Easy fixes can help seniors keep driving longer

CINCINNATI -- Ron Baldock is 70 years old and takes his truck for a spin every day. 

"I got used to driving a truck around because, when I worked, I was always in a pickup truck running from shop to shop," he said.

But how long should aging people continue to drive? It's a conversation that many people will eventually have with their parents. 

Experts say there are a lot of benefits to older drivers staying behind the wheel. Taking the keys too soon impedes their independence. That can lead to health issues, including things like depression and increased isolation, according to UC Health geriatric psychiatrist Dr. Michael Keys.

There are easy fixes that can make a senior feel safer, according to AAA. Those include steering wheel covers, portable handles for getting in and out, swivel seat pads and convex mirrors to reduce blind spots.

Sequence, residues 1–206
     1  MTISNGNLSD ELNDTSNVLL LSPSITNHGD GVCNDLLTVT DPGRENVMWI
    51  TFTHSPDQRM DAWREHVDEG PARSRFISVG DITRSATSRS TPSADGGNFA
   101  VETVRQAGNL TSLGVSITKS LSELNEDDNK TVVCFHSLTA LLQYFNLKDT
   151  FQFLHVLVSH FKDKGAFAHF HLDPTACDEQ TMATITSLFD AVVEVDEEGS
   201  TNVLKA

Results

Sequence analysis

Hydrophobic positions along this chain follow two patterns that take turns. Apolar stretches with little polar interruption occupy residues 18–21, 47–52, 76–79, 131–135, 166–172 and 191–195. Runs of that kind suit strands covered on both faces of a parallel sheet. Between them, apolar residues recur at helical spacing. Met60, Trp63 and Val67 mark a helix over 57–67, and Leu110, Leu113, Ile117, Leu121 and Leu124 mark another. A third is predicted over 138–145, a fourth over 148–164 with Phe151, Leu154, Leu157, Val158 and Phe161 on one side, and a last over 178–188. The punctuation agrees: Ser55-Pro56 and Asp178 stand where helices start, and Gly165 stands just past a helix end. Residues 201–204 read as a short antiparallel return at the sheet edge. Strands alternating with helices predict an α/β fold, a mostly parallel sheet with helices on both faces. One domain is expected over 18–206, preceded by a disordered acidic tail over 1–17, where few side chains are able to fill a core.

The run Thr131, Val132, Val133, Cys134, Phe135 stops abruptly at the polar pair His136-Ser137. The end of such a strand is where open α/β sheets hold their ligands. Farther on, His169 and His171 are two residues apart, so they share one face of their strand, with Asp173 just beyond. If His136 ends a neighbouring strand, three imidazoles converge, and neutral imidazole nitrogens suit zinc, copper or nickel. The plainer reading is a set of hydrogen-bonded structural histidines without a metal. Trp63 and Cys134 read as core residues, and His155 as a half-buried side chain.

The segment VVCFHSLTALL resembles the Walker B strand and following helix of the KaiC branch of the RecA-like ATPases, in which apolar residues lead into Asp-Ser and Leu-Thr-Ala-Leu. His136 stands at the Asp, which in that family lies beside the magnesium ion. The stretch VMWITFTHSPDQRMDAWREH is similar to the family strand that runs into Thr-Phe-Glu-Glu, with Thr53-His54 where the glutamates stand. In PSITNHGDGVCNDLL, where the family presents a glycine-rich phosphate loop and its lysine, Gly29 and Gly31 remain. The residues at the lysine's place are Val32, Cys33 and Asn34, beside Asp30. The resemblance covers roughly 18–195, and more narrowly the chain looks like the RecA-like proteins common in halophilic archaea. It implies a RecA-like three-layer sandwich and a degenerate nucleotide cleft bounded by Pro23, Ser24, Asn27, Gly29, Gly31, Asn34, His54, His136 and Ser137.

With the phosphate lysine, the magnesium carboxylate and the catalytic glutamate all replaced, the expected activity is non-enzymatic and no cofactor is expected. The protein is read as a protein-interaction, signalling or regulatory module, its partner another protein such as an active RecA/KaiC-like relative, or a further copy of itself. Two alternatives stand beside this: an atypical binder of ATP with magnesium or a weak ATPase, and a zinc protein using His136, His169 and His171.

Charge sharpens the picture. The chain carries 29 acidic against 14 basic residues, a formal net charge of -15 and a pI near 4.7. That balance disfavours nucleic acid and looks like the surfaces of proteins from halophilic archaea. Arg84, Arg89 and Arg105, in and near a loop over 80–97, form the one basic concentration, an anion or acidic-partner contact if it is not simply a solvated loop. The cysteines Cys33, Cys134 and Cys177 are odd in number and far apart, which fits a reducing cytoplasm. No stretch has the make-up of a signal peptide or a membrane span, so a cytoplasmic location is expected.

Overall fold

"They're safe drivers," Mike Belcuore of AAA Driving School said. "But also, as we age, their body gets more frail, so they're also more apt to get injured in their cars."

Nationally, 90 percent of seniors don't even use those sorts of items in their cars. The crash rate for Ohio seniors is 15 percent. 

Those kinds of items are fairly inexpensive. But, there still eventually comes a time when adult children have to have that talk with their parents. Keys said age doesn't determine who keeps driving. 

"It's a long conversation and it's not one that's easily resolved," he said.

For more information, visit AAA's senior driving website.

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